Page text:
Posted by: usset001 | June 10, 2014

Historical look at volatility in the new crop (December) corn contract

New Crop CornThe month of May was a tough one on new crop corn prices, as the Dec’14 contract dropped 42 cents from the first day of the month to the last. Should we be surprised? It is that the time of the year – the growing season can send prices reeling or roaring, depending on weather conditions.

I pulled together a history of volatility in the new crop (December) corn contract from 1990 forward. To be specific, I analyzed the twelve months prior to the December contract delivery (December of the prior year thru November of the contract year, e.g. for the Dec’06 contract, I analyzed monthly price changes from December 2005 thru November 2006). I analyzed the data two ways. First, I looked for price changes greater than 10% from the price at the start of each month. I also looked at the monthly price range – the difference between the maximum and minimum closing prices within each month.

(It’s worth reminding ourselves that 10% of $2.50 futures ( see 1998-2002) is 25 cents/bu., while 10% of $4.50 corn (see this year) is 45 cents/bu., and 10% of $7.00 is 70 cents/bu.)

Concerning price changes from the first to the last day of the month…

  • From the first day to the last day of each month, price moves of 10% or greater occurred in 34 of the 194 months considered, or 12% of the time. That works out to just one or two months each year.
  • Such a broad look at all months glosses over the tendency for big months to cluster. There were 9 years with no months registering a 10% price move – the most recent year was last year (the Dec’13 corn contract). There were six years with three or more months with big price moves (1996, 2004, 2008, 2009, 2010, and 2011).
  • Such a broad look at all months also glosses over the volatility of July. Price moves of 10% or greater, from the first day of July to the last day of July, occurred in 10 of the 24 months considered, or 42% of the time. From a crop development perspective, “July makes the corn crop” and that shows in the higher volatility in prices during this critical month. For the record, of the 10 months when closing prices moved more than 10% during July, 6 of the 10 years were lower price moves, and 4 of the 10 were higher. The most recent example is 2012, when Dec’12 corn futures started the month of July at $6.55/bu. and ended the month with a close of $8.05/bu.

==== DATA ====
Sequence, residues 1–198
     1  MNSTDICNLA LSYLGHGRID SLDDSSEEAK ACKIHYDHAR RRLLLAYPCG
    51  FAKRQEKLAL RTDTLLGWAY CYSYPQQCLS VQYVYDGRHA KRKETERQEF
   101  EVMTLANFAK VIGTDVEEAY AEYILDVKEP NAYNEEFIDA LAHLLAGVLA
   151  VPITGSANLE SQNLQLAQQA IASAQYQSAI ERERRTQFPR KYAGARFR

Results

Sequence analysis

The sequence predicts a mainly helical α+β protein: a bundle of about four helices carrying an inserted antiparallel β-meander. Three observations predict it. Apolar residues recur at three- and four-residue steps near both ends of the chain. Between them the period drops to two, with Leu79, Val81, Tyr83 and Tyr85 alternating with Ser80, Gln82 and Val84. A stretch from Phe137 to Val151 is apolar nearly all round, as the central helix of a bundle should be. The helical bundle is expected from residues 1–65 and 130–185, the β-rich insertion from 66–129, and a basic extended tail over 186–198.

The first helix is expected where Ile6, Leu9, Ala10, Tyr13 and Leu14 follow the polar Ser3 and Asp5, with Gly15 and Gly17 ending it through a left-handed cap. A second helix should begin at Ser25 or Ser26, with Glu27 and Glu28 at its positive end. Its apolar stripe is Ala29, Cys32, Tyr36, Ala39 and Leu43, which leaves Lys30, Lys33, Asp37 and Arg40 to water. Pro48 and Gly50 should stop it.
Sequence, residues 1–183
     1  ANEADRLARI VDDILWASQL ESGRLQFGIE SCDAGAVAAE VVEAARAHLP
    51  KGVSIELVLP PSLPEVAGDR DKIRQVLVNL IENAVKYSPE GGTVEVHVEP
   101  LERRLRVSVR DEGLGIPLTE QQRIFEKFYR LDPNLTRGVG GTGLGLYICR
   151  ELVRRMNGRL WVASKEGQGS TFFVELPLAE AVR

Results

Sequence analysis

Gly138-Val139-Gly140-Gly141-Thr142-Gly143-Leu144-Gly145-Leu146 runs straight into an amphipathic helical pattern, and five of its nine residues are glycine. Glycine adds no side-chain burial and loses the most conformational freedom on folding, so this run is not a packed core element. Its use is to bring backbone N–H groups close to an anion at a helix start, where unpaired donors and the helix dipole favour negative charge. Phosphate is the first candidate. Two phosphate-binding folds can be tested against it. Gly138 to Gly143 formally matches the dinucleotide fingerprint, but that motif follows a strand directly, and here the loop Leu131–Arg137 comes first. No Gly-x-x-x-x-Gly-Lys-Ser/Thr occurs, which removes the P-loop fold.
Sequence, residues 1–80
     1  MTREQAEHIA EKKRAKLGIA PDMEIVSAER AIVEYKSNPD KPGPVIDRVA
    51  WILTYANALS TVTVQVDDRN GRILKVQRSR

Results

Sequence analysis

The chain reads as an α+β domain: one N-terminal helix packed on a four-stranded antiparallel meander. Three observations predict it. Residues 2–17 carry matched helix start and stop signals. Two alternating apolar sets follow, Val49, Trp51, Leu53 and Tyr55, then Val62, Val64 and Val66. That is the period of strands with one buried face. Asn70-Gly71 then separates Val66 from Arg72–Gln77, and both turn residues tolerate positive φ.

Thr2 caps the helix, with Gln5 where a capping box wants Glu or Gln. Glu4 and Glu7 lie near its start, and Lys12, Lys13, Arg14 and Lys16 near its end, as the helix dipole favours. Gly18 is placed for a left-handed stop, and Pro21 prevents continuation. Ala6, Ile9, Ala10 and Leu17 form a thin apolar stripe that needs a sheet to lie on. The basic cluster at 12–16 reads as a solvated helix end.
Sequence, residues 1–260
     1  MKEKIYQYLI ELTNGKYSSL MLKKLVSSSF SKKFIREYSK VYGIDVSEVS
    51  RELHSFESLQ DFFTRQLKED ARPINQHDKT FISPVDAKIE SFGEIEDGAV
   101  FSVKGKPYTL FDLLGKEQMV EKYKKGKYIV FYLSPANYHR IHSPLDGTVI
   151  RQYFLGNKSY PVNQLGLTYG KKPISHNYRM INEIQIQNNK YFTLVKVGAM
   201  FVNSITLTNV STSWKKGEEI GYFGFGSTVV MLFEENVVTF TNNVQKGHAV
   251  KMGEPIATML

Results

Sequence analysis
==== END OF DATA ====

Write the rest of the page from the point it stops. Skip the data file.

• Dec’14 corn is currently trading near $4.50/bu. For perspective, a price move of 10% in July points to prices close to $4.00/bu. (if favorable weather continues) or $5.00/bu. (if the weather Gods are angered).

Concerning the December corn contract price range within each month (the difference between the maximum and minimum closing prices)…

  • A price range of 10% or greater occurred in 82 of the 194 months considered, or 42% of the time. New crop price ranges of 10% or more or fairly common.
  • There were only two years since 1990 when no months registered a range of 10% or more (1993 and 1995). Would you like the most recent example of a month with a price range of 10% or more? In May of this year, the Dec’14 contract reached as high as $5.11/bu. and as low as $4.57/bu. – a 54 cent range or 10.8% of the price at the start of the month.
  • Once again, the month of July stands out. A price range of 10% or greater occurred during the month of July in 18 of the last 24 years, or 75% of the time. Price range of 10% or greater occurred close to half the years for the months of June, August and September. The growing season rules!
  • Should we be surprised if the Dec’14 corn contract displays a price range of 50 cents/bu. or more during the months of June, July and August? No.

Leave a Reply

Fill in your details below or click an icon to log in:

WordPress.com Logo

You are commenting using your WordPress.com account. Log Out / Change )

Twitter picture

You are commenting using your Twitter account. Log Out / Change )

Facebook photo

You are commenting using your Facebook account. Log Out / Change )

Google+ photo

You are commenting using your Google+ account. Log Out / Change )

Connecting to %s

Categories

%d bloggers like this: